Smoother path is pushed for defense mergers

April 13, 1994|By New York Times News Service

WASHINGTON -- A federal panel of defense and antitrust experts recommended yesterday that the government reduce procedural obstacles to mergers of defense contractors, but did not propose the partial exemption from antitrust rules that some companies had sought.

The outcome represented a compromise between the Justice Department, which has opposed giving special consideration to armament builders, and the Defense Department, which has become increasingly interested in helping weapons makers cope with a steep drop in orders.

The panel included a lawyer from each agency, as well as military-industry executives and academics.

Industry executives welcomed the report as making it easier to create mergers, but Justice and Defense department officials were much more cautious, saying they were only trying to improve the process.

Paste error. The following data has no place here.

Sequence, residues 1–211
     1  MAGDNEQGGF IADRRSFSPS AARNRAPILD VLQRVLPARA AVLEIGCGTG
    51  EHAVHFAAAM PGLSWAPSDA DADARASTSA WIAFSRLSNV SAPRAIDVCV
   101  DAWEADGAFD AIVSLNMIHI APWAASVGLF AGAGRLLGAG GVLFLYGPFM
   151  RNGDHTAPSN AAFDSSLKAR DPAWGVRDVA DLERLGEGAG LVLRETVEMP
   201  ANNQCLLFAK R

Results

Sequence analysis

Bernard L. Schwartz, a panel member and the chairman and chief executive of Loral Corp., a defense electronics producer, said that while he had wanted a change in antitrust rules, he was satisfied with the outcome.

"It defines the antitrust issues that both the industry and government need to focus on," he said.

But Sen. Howard M. Metzenbaum, chairman of the Judiciary antitrust subcommittee and an advocate of antitrust laws, was also satisfied.

"This report assures American consumers that defense industry mergers will continue to get rigorous scrutiny and will be challenged if they are costly and anti-competitive," the Ohio Democrat said.

The panel's main recommendation was that the Defense Department designate one or two of its lawyers to provide advice to the Justice Department on mergers among military contractors, said Stephen Preston, the Pentagon's acting general counsel and a member of the panel.

This would make it easier to advise both the Justice Department and the Federal Trade Commission on such mergers, he said.

But Mr. Schwartz of Loral said the report has produced closer relations between the Defense Department and the antitrust agencies.

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